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A scene from the animated film Charlotte.Courtesy of Elevation Pictures

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Charlotte

Directed by Tahir Rana and Eric Warin

Written by Erik Rutherford and David Bezmozgis

Featuring the voices of Keira Knightley and Jim Broadbent

Classification N/A; 92 minutes

Opens April 22 in select theatres


Critic’s Pick


Murdered the day she arrived at Auschwitz, the German Jewish artist Charlotte Salomon left behind a remarkable legacy: a trove of more than 1,000 paintings on paper representing memories and moments from her 26 years of life, sometimes referred to as the first graphic novel. The genius of Charlotte, directed by Eric Warin and Tahir Rana, is to recognize that the best way to tell this story is through animation that can reproduce Salomon’s quick expressionistic gouaches as it recounts her life.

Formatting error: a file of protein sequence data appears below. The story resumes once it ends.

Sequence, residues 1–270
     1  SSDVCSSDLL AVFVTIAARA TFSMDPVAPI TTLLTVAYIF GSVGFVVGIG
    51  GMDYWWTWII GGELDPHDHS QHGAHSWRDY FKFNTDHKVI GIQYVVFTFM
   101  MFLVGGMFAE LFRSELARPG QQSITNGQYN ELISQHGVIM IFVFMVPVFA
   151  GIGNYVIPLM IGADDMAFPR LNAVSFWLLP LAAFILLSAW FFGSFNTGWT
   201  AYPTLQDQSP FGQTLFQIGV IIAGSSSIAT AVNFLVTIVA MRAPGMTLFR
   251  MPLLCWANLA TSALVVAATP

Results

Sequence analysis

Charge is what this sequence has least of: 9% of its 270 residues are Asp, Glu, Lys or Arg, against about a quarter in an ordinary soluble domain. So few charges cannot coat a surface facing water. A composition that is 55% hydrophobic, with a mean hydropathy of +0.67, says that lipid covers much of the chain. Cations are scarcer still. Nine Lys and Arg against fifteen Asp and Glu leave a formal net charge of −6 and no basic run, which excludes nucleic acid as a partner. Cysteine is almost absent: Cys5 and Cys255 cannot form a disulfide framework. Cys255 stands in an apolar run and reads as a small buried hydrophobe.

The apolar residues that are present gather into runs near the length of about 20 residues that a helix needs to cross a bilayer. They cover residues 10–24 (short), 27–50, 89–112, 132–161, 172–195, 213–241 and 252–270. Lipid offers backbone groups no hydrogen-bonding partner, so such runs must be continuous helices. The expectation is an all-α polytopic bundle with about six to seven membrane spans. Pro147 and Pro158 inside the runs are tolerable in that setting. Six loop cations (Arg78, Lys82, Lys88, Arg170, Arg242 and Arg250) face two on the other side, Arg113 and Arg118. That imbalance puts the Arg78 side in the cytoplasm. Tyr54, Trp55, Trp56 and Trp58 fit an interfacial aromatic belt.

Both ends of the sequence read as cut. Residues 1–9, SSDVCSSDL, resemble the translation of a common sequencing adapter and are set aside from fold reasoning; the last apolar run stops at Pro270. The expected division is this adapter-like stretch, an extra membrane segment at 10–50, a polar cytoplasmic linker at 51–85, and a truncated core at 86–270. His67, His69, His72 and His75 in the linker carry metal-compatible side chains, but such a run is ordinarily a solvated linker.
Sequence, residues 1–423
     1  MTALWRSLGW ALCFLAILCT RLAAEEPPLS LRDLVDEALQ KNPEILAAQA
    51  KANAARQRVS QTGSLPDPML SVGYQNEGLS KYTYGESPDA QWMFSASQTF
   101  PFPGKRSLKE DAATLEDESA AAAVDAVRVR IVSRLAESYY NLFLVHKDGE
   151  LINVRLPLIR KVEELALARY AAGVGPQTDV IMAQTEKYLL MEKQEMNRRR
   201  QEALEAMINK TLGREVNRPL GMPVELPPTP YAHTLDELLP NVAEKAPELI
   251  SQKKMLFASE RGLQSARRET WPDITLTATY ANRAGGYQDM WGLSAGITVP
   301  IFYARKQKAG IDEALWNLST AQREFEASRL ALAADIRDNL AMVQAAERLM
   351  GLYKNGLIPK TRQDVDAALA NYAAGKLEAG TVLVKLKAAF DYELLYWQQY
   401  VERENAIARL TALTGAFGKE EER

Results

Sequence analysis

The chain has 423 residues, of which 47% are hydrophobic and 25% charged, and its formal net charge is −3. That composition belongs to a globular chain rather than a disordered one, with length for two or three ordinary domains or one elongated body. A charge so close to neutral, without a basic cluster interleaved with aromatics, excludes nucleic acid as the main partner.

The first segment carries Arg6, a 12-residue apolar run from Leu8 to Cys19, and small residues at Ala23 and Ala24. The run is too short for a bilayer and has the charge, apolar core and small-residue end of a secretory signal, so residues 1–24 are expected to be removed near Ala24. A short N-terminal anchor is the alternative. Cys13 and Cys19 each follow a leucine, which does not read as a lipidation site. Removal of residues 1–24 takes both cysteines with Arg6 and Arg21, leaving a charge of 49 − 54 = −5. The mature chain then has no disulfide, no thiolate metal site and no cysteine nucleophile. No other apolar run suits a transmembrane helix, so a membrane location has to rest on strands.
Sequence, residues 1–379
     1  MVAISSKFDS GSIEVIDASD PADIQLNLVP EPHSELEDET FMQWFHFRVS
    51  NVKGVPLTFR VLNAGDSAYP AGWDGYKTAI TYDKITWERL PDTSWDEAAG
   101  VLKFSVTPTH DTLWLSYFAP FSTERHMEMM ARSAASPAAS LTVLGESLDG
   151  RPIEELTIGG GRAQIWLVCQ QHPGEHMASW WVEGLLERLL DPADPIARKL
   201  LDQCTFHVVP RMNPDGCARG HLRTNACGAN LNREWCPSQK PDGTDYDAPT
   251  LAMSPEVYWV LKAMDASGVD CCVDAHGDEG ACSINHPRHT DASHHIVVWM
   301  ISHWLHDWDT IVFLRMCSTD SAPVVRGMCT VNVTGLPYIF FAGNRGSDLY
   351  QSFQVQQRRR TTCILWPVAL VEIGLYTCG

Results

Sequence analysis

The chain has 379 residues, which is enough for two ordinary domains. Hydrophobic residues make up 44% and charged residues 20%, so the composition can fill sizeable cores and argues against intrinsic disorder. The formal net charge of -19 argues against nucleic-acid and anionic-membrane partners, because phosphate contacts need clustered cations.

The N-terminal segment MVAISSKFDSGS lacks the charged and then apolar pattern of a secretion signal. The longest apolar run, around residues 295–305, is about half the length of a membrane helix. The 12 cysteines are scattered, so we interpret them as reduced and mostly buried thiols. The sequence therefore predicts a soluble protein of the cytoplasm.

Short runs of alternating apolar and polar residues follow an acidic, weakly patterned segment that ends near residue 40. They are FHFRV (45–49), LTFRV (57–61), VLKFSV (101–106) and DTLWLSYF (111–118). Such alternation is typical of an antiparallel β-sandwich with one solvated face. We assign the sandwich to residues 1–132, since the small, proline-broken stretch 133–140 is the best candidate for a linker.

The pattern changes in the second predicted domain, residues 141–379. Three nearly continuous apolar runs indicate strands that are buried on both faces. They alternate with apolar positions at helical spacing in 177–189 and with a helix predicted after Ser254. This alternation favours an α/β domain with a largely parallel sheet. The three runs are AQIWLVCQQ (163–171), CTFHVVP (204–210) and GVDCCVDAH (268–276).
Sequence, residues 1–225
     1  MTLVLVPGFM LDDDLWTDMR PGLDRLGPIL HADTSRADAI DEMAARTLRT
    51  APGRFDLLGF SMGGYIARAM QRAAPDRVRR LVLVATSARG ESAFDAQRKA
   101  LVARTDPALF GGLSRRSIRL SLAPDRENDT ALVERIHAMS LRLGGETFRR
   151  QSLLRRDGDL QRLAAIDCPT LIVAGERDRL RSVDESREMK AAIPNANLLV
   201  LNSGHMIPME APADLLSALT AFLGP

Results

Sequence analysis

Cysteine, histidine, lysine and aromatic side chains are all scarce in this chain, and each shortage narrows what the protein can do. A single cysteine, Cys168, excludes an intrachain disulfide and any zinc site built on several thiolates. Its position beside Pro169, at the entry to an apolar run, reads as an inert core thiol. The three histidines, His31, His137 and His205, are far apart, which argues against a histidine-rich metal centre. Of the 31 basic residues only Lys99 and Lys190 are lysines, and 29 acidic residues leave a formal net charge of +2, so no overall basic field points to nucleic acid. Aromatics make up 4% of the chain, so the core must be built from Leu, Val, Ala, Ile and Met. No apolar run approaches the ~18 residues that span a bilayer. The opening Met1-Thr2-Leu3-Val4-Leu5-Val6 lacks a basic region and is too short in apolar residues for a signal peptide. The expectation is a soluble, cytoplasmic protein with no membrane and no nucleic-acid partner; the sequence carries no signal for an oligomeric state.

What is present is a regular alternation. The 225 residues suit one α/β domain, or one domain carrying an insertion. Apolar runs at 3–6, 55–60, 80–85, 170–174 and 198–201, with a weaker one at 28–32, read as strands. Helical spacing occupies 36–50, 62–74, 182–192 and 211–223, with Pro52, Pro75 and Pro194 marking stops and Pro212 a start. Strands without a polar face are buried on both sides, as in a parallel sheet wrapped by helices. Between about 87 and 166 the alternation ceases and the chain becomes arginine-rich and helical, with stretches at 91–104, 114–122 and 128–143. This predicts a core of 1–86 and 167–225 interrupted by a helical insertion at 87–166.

Aside from that imaginative representation of her art, the film is a rather straightforward account of her difficult family relations and ultimately futile escape from Berlin that doesn’t quite rise above the trivializing effect that animation can have. Sometimes, the animators find an expressive style to match difficult content – a suicide, a mercy killing and several sex scenes – and sometimes they just make the images of Salomon (voiced by Keira Knightley) and the refugee with whom she falls in love seem leaden in comparison with the artist’s sprightly line.

Charlotte paints in her studio in a scene from the film Charlotte.Courtesy of Elevation Pictures

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